OC_MurphysLaw2269d ago

I think what investors really need to do is peel back the layers of the entertainment division. When they do that I think some interesting revelations will appear around other products the company has lumped into this division besides the Xbox.

I personally don't think MS needs to funnel off the Xbox, but I do think they need to re-focus on a few key areas and limit that scope. Get it running lean and mean again and not some broad stroke approach that destroyed its identity to a large extent. It in many ways this is a similar problem to what Sony had with the Playstation in the first half of the PS3 existence.

tokugawa2269d ago

this was wrote by an idiot. the nokia deal says they are expanding their hardware.

x phone anyone??

Thehyph2269d ago

I'm going to respectfully disagree with your comment with two points:
1) A spin-off is not a sell.
2) Microsoft became a recognized brand, and built the massive capital it has by NOT having a hardware division. Quite frankly, Microsoft got rich by their ethos of avoiding sale of hardware. This mentality can still work. Google, for the most part and until recently, has been using a similar approach to great effect. Android is doing in the mobile phone space what DOS and Windows did in the PC space. The mentality works.

DonFreezer2269d ago

Why the fuck do we believe this nonsense and the dgpu article has ps fantrolls claiming that it's bs?

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4logpc2269d ago (Edited 2269d ago )

There is no way they will sell off the Xbox division after last nights Nokia buyout, and yes i am aware it wasnt Nokia as a company, but their phone division. They are committed to becoming their own brand.

Xbox= Living Room
Windows 8= PC's
Windows Phone 8 = mobile

They are trying to take their entire windows operation and turn into a first party solution. Selling off Xbox would just kill that.

Anon19742269d ago

How? Where does the living room fit in and compliment Microsoft's other divisions? The Nokia devices division buy clearly compliments Microsoft's business software and services, windows 8, tablet business (as MS said, more phones sold, more tablets sold, more PC's sold) Where does the living room fit into that strategy, out of curiosity? And how would the spin off of the Xbox kill that, instead of give them more operating capital to invest more heavily into their core business and services?

4logpc2269d ago (Edited 2269d ago )

Where doesnt it fit???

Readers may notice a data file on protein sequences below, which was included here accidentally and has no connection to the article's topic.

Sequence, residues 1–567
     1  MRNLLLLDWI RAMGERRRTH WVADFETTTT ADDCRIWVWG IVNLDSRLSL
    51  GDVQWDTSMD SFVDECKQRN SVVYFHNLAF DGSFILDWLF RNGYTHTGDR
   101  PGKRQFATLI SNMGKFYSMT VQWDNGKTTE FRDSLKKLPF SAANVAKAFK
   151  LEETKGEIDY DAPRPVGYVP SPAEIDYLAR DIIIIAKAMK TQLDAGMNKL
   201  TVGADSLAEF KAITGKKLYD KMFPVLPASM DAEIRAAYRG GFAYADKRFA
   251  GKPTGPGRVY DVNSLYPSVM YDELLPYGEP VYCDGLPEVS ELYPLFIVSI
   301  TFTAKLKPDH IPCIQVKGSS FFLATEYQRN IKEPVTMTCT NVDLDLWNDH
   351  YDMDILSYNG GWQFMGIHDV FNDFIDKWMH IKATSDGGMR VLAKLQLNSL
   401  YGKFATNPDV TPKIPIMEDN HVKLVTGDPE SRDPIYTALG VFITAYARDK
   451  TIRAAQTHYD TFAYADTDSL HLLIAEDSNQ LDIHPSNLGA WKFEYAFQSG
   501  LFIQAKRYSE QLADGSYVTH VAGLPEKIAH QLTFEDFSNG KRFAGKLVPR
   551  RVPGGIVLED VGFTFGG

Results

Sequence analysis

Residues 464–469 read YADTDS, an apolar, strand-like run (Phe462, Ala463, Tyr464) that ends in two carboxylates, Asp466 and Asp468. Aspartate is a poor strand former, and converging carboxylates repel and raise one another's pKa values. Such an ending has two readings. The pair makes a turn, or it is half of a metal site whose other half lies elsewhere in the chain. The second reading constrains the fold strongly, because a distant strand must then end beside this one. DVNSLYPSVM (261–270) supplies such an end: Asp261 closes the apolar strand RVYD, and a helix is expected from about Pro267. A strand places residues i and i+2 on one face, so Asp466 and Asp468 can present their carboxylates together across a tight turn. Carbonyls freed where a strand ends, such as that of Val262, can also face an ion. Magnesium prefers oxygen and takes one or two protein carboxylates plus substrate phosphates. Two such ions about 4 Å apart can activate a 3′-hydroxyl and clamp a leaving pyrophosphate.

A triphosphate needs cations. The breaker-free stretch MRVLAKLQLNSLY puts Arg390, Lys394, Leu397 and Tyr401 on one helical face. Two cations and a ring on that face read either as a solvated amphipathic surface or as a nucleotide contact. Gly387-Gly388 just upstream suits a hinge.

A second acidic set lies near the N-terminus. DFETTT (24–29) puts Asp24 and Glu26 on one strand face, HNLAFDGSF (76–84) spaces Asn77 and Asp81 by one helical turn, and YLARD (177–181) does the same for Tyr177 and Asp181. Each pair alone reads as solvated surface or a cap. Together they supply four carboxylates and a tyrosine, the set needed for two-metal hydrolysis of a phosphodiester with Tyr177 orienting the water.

Xbox Live
XBox Music
NFL Deal

Just to name a few...

ALl of that is living room, and all of those are services. It fits perfectly into their strategy.

Wikkid6662269d ago

Xbox One's OS is made from Windows 8 and Direct X 11. Skype is a major part Xbox One. And one of the major things they are working on is getting the 3 market places closer in line... so a developer can easily release an app across all 3 platforms.

Death2269d ago

The Xbox One and PS4 are PC based systems. We are seeing the lines blurred between PC, smart phones, game consoles, and to a degree smart tv's. Why would Microsoft want to give up cosoles that promote their platforms? Follow the money. Microsoft is making money on the Xbox brand. They are much less likely to spin off their gaming division then the competition is.

Anon19742269d ago (Edited 2269d ago )

@4logpc. That's my point. None of that is any benefit to the rest of the company. It's all rather self contained, which is why spinning it off makes a certain sense.

Those are some excellent points from the others. While I can't see the Xbox One moving many copies of Windows 8, it does compliment their Skype business, certainly. And although lines are certainly blurring between what a PC and what a smart phone can do, for example, the Xbox is a game console first and foremost.

While certainly there's some opportunity for the Xbox to cross sell, considering the billions poured into the Xbox division, can't it be said that it would have a much greater impact if that money was put directly into the divisions they're trying to boost? I mean, that's the point ValueAct is making, after all. The Xbox is cool, but ultimately a resource distraction when you consider it's returns compared to other divisions. How much is really to be gained here that couldn't be gained from simply putting those resources to work into something more like business software and services, where MS is already the leader?

Nice points by all.

Death2269d ago


The same can be said of Sony and has been said by investment analysts. Without the Playstation distraction, Sony could reinvest in the profitable segments that they are losing market share in. An exclusive deal with Microsoft or Nintendo placing a built in game console in their smart tv's would be a huge boost for lagging tv sales. (in all honesty doing it with a PS4 would be even better if I were Sony)

Anon19742269d ago (Edited 2269d ago )